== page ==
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Journal Articles Journal of Materials Chemistry Year : 2012

Bacteria survival and growth in multi-layered silica thin films


The fields of application of sol–gel encapsulation technology for living cells have been greatly extended over the last few years. Photobioreactors,1 biofuel cells,2 bio-remediation materials,3 biosensors4 and biomedical devices5 are currently being developed taking advantage of the robustness of inorganic materials compared to their (bio)-organic counterparts. In many of these applications, the formation of stable thin films (<1 μm) would be highly desirable for integration, for instance, in bio-chips.6 However, several limitations exist when trying to transfer a protocol mainly developed from bulk hydrogels to thin films. Especially, the storage stability becomes more challenging because preservation in liquid media may lead to fast film dissolution whereas drying can impact on both cell viability and film behaviour (cracking, peeling-off, …). Previous reports on thin film storage at 4 °C in a humid atmosphere were successful for algae and bacterial spores but not for bacterial cells.7,8 The use of phospholipids that self-organize around cells and confine water at their vicinity was described allowing long-term preservation under ambient conditions.9 However, another important issue for applicability is that the number of cells available for further transformation/sensing decreases with film thickness.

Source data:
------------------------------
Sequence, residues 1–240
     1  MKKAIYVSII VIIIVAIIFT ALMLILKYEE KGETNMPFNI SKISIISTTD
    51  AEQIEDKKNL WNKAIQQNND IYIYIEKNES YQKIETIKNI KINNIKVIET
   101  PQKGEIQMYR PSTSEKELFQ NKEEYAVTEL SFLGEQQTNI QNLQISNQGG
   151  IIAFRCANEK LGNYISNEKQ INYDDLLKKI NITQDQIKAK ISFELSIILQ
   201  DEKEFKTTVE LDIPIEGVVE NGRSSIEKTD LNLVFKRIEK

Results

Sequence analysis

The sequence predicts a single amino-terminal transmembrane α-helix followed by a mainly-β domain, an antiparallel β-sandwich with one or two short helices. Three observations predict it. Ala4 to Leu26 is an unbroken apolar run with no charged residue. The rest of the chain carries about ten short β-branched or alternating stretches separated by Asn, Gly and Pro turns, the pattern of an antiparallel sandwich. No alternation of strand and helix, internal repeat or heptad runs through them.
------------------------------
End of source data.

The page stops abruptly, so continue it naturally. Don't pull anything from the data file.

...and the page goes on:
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hal-01475867 , version 1 (24-02-2017)



Christophe Depagne, Sylvie Masse, Thorben Link, Thibaud Coradin. Bacteria survival and growth in multi-layered silica thin films. Journal of Materials Chemistry, 2012, 22, pp.12457-12460. ⟨10.1039/C2JM32186F⟩. ⟨hal-01475867⟩
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